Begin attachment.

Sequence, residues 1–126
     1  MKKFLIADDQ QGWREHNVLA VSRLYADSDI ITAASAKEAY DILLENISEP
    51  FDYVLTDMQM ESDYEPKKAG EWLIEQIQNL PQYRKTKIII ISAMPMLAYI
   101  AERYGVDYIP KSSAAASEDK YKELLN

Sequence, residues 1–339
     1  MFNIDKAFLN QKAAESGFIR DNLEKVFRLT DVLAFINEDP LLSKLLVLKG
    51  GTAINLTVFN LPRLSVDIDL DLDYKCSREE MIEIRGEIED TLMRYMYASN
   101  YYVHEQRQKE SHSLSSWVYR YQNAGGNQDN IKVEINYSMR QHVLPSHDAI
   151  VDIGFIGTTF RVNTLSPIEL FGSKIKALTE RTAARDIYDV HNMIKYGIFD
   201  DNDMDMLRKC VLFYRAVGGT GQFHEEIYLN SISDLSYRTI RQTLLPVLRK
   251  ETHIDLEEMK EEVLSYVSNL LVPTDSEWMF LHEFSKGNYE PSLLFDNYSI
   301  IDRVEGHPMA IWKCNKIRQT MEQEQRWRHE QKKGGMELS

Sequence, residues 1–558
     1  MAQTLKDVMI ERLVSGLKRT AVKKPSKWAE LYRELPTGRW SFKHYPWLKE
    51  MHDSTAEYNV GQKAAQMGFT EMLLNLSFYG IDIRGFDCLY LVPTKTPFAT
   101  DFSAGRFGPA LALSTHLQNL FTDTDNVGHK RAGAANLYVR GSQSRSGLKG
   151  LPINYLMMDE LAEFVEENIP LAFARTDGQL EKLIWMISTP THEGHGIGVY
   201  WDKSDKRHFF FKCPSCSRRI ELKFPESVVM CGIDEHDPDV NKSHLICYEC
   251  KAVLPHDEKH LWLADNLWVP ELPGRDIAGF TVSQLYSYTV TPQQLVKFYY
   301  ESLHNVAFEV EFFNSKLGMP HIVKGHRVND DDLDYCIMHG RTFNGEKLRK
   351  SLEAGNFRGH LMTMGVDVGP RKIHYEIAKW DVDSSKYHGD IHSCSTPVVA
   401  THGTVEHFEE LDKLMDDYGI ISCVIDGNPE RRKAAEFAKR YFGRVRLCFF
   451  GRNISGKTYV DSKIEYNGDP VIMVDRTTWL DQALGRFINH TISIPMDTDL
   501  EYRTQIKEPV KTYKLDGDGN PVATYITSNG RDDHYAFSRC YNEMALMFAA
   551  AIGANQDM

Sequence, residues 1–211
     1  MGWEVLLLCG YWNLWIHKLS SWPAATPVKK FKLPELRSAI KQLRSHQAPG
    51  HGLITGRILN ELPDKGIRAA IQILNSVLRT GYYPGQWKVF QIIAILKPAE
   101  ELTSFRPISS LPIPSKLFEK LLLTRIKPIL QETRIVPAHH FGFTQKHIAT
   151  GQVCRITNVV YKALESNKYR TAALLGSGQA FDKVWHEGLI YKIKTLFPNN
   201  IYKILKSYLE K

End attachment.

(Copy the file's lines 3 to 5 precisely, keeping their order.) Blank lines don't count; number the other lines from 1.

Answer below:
    51  FDYVLTDMQM ESDYEPKKAG EWLIEQIQNL PQYRKTKIII ISAMPMLAYI
   101  AERYGVDYIP KSSAAASEDK YKELLN

Sequence, residues 1–339